In trying to understand what these terms mean, one of the main challenges is that there aren’t actually any official definitions. If you Google the terms, you’ll find a variety of definitions proposed by hosts of experts.
While I’m certainly not the ultimate authority on these subjects, I have spent two decades consulting with many different brands on digital commerce, and therefore I’ve tried to explain my definitions of UX, UI, and CX within this article.
UX vs UI vs CX
In trying to consider each of these terms, it can help to visualise them as concentric circles, starting with UI in the centre and working outwards into UX, then finally into CX.
This visualization defines UI as a subset of UX which, itself, is a subset of CX. They are definitely different things, but are very closely related to, and have a dependence on, one another.
UI is part of UX is part of CX
UI, UX and CX are very different to one another, but are intrinsically linked and wholly dependent on one another.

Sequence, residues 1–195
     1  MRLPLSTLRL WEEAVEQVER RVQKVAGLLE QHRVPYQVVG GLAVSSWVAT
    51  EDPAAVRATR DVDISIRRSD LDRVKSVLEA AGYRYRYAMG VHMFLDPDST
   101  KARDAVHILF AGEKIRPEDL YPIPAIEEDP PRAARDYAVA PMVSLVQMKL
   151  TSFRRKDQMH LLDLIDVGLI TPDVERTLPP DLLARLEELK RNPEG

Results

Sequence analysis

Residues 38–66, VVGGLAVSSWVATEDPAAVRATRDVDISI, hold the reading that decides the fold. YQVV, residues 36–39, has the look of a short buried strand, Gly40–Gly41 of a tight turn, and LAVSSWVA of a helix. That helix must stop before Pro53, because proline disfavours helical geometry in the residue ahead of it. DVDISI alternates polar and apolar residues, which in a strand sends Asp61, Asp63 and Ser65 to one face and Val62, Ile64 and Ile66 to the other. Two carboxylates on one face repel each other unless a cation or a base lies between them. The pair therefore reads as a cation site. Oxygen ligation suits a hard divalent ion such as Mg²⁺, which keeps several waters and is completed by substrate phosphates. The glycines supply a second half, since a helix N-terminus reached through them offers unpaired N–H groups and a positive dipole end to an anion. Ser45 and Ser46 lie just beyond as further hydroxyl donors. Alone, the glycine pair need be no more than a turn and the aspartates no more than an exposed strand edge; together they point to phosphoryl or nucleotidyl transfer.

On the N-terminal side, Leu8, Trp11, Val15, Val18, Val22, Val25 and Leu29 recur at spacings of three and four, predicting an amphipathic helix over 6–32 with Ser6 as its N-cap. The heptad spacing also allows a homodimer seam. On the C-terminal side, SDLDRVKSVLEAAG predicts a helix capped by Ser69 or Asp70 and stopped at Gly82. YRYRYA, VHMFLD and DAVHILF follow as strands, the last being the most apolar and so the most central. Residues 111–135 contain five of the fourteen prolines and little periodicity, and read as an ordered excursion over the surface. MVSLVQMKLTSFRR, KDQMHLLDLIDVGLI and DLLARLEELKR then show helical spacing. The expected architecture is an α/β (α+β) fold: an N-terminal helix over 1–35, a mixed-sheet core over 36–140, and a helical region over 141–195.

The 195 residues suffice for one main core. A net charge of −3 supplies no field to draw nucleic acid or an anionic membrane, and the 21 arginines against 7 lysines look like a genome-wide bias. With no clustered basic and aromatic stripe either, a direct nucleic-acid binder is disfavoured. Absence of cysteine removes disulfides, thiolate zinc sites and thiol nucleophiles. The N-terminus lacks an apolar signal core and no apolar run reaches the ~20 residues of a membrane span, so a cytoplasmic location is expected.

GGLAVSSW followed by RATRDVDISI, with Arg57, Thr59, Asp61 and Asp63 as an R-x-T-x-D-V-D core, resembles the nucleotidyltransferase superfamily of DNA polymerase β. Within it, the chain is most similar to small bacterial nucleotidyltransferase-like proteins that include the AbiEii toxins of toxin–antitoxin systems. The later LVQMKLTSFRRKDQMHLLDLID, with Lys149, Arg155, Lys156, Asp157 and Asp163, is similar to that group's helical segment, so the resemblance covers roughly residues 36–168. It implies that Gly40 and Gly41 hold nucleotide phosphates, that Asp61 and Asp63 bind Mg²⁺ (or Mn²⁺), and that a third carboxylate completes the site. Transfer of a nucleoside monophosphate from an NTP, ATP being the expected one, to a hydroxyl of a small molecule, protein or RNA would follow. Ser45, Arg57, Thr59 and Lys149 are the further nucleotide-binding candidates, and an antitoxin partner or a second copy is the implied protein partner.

A customer experience is the sum of all touchpoints and user experiences that a customer has with a brand. User experiences are contained within a single channel, so most brands will provide customers with multiple user experiences.
A UI is simply the interface with which the user will interact with a brand at a particular point of a journey. Most user experiences will involve multiple user interfaces and a customer experience will be made up of all touchpoints and user experiences across all channels.
In summary, when it comes to UX vs UI, you can’t have a good CX without a good UX, and you can’t have a good UX without a good UI.